In an unprecedented power play, the top tier candidates for the Republican presidential nomination have bypassed the Republican National Committee and come together to prepare a list of questions and demands for the television networks hosting future debates, with the explicit threat that some or all of the candidates may elect not to participate if they are not satisfied by the responses they receive.
The move is fascinating for the many questions it raises: Will the networks demonstrate some journalistic backbone and refuse to allow candidates to dictate the terms of public debates? How did the RNC manage to completely lose control of the candidates for its nomination? How long can RNC chairman Reince Priebus realistically expect to keep his job?
Aside from the questions it presents about the future of the GOP nominating process, the list of demands and questions is interesting because many of them are downright strange.
Here are some of the weirder questions and demands:
Will you acknowledge that you, as the sponsor, take responsibility for all questions asked, even if not asked by your personnel?
This is one of those weird and vaguely threatening questions that any reporter who has ever received a letter from a second-rate attorney representing the subject of a story will recognize. It uses ominous and vaguely legal-sounding words like “acknowledge” and “take responsibility” to create the impression that there is some sort of recourse available to candidates if they don’t like questions put to them.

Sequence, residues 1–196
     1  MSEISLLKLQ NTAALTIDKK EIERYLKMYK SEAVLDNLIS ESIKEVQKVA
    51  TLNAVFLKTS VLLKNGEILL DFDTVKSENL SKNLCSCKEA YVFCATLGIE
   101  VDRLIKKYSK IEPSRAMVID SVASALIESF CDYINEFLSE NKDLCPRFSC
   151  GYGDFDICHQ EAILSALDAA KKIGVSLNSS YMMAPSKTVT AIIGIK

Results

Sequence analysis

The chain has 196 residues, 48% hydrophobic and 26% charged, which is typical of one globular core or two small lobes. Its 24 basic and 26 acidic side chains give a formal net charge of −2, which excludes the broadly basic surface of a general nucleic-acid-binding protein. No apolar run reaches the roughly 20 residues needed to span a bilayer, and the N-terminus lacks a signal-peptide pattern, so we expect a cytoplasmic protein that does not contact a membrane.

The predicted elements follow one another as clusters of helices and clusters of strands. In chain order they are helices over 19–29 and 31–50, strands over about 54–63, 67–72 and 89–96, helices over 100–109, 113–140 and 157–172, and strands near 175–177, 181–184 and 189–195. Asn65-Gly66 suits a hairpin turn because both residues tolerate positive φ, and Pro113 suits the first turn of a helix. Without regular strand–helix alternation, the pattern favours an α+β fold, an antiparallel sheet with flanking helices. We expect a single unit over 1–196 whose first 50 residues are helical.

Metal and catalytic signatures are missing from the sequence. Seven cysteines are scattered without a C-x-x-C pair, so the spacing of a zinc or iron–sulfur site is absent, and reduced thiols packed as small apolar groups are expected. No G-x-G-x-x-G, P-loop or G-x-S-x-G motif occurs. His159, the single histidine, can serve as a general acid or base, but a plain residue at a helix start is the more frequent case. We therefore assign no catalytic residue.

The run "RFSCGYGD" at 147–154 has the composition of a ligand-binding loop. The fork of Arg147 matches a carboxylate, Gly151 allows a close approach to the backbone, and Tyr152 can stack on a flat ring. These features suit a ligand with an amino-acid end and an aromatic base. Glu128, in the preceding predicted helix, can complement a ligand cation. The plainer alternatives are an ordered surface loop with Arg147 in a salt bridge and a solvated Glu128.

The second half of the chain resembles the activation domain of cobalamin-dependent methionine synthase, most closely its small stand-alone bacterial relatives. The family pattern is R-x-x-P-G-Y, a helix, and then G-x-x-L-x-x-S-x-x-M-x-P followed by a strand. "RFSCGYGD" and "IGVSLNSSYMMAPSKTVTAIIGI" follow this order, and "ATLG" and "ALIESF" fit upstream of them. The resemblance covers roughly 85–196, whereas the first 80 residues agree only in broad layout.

If there’s anybody at the networks intimidated by this nonsense, down to the interns, they should find another line of work.
Will you commit to provide equal time/an equal number of questions of equal quality (substance as opposed to “gotcha” or frivolous) to each candidate?
Where to begin with this one? First, it’s absurd demand that all 10 participants in a prime time debate receive exactly the same amount of time and questions. Second, the demand that the questions be of “equal quality” is not only unenforceable, it’s unintelligible.
Who determines the “quality” of a question? From the candidates’ perspective, something like “Candidate X, what makes you love America so much?” would undoubtedly be ruled a “quality” question. But “Candidate X, you have consistently misrepresented the effects of your tax plan. Why?” would be ruled a frivolous “gotcha” question.
Which one does more to advance the voters’ ability to make an informed choice?
What are the plans for the lead-in to the debate (Pre-shot video? Announcer to moderator? Director to Moderator?) and how long is it?
Again, shouldn’t these people be worrying about how to create jobs, resolve the conflict in the Middle East or fix our crumbling infrastructure? Sweating who makes the throw to George Stephanopolous in a debate lead-in next February seems a bit trivial.
Who is the moderator? Will there be any additional questioners? Are they seated?
Okay, wanting to know who the moderator will be and whether there will be additional people asking questions is fair enough. But who cares if they will be seated?
Are you running promo ads before the debate about your moderator(s)?
Seriously, these people want to hold the most powerful office on the planet. Don’t they have other things to worry about?
Will there be a gong/buzzer/bell when time is up?
A gong? Really?
Well, actually … is it too much to hope for that the networks enforce time limits by bringing in Chuck Barris to drown out candidates who go over their time by striking a giant hanging gong?
Will you commit that you will not …
… Have a “lightening round?”
(Sigh.) Copy editors are your friends.
… Allow candidate-to-candidate questioning?
Known in some circles as “debating.”
Show an empty podium after a break (describe how far away the bathrooms are?)
The draft letter from the candidates directs the networks to “answer the questions below within 30 days of receipt by communicating directly with the campaigns.”
It should take considerably less time than that to draft the response the candidates deserve.